The best players in the NFL make the incredible seem inevitable.
It was that quality that defined the Kansas City Chiefs’ run to Super Bowl glory last season, with Patrick Mahomes leading them to three successive double-digit comebacks in the playoffs.
For most of his storied career, Green Bay Packers quarterback Aaron Rodgers has held the same mystique as Mahomes as a player against whom seemingly no lead is safe.
Rodgers has been overshadowed in recent years as Mahomes and other young signal-callers have risen to promise and the Packers have been unable to climb the mountain back to the Super Bowl.
In this strangest of seasons, however, Rodgers is back to what for him amounts to normal service.
He is performing at an MVP level as the Packers are in the thick of the race for the number one seed in the NFC and can credit much of his success to his ever-improving rapport with a player who has a strong claim to the title of best wide receiver in the NFL.
Rodgers and Davante Adams have demonstrated a near-telepathic understanding in 2020, with every pass thrown the way of the 2014 second-round pick appearing destined to drop into his lap.
Adams significantly improves the chances of Rodgers connecting with him by tracking the ball superbly and doing an excellent job of attacking it in the air. When he elevates for the ball, there is a palpable sense of inevitability that Adams is going to come down with it, which he has fostered by making increasingly spectacular leaping grabs.
— NFL (@NFL) December 6, 2020
He added another to his resume to get the Packers on the board with their first touchdown in a 30-16 win over the Philadelphia Eagles in Week 13.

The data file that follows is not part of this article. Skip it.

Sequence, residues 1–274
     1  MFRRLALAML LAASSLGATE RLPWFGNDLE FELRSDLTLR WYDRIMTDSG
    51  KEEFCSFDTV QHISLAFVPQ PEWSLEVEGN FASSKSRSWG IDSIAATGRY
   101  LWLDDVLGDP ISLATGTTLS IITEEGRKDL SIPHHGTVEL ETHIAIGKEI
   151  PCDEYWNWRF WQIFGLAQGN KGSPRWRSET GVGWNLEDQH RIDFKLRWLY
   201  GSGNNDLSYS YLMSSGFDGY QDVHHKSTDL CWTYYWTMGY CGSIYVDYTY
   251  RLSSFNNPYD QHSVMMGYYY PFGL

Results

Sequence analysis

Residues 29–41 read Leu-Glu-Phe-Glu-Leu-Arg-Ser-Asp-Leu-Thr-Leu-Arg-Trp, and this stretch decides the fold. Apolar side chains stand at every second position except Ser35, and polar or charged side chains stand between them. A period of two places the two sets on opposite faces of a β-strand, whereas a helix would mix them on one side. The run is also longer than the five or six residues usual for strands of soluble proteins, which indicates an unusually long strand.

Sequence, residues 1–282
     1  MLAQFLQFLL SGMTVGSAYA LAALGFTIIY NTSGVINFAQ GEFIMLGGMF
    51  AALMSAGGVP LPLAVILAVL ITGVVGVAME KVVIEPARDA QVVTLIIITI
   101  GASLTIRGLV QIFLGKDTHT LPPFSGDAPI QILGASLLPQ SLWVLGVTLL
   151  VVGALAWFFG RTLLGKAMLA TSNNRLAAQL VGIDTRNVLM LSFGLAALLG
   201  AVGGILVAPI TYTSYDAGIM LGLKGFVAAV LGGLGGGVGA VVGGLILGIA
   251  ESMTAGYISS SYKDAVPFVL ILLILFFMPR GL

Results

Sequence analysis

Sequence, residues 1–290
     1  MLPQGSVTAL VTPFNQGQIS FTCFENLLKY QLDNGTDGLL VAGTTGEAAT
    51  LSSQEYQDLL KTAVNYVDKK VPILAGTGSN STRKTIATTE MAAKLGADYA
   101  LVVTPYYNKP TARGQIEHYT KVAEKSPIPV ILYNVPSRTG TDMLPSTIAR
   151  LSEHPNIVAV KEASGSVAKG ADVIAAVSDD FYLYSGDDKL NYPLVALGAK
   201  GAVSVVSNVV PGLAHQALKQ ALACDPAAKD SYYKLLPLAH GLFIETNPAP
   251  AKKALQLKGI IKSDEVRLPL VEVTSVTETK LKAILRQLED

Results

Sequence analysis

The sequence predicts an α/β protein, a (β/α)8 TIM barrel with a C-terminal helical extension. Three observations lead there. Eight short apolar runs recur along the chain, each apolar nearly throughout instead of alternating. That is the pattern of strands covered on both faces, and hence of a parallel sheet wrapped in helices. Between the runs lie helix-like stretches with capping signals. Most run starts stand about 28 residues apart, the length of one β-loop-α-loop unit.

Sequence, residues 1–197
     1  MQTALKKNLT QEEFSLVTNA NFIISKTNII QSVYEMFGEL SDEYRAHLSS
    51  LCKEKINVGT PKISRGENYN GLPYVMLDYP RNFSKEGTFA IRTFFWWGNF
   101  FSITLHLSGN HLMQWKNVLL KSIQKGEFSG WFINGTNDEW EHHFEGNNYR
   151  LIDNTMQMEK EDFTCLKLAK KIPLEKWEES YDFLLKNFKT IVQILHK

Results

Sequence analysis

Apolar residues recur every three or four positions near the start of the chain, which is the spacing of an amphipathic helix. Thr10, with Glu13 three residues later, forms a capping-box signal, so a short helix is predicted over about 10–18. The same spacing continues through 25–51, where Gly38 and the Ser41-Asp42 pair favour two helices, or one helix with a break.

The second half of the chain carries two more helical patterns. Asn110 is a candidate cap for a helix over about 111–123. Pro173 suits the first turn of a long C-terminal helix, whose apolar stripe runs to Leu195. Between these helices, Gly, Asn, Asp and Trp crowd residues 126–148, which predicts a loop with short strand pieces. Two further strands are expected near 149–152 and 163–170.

Following that up with a spectacular show of concentration to haul in a 42-yard pass that Rodgers launched from his own endzone and a second score that marked his quarterback’s 400th touchdown pass, Adams finished Sunday’s encounter with 10 receptions for 121 yards and a pair of six-pointers.
Having missed two of the Packers’ 12 games this season, Adams has 84 catches for 1,029 yards and a league-leading 13 touchdowns, 10 of which have come from inside the 20-yard line as he has established himself as one of the NFL’s premier red-zone weapons.
Adams is the fifth player in NFL history with 1,000-plus receiving yards and 12-plus receiving touchdowns in his first 10 games of the season.
From deep in the end zone… #GoPackGo
— NFL (@NFL) December 6, 2020
He is the third player in NFL history with at least five receptions and a receiving touchdown in seven consecutive games in a single season, joining Antonio Brown (eight games in 2018) and Terrell Owens (seven games in 2007) on that exclusive list.
Adams is also tied with Odell Beckham Jr. (four games in 2014) and Torry Holt (four in 2003) for the second-most games with at least 10 receptions, 100 receiving yards and a touchdown catch in a single season, having already registered four this campaign.
Only New Orleans Saints star Michael Thomas has more, putting together six such games last season.
With four games still to play, Adams has an opportunity to surpass Thomas in that regard and, despite being unable to complete a full 16-game term, is on course for a career-best campaign.
His league-leading yards per game average of 102.9 puts him on pace for more than 1,400 receiving yards while he is scoring at a rate that should allow him to move into a tie for the third-most receiving touchdowns in a season with 18.
Had he not missed time through injury, Adams would have been in a position to challenge Randy Moss’ record of 23.
Overhauling Moss would have been a tough ask, but at this point in his career, Adams is a receiver who makes the tough look startlingly routine.
As long as he maintains that habit, a host of receiving records will remain within the grasp of a player whose ability to rarely let anything out of it has Titletown dreaming of another Lombardi Trophy.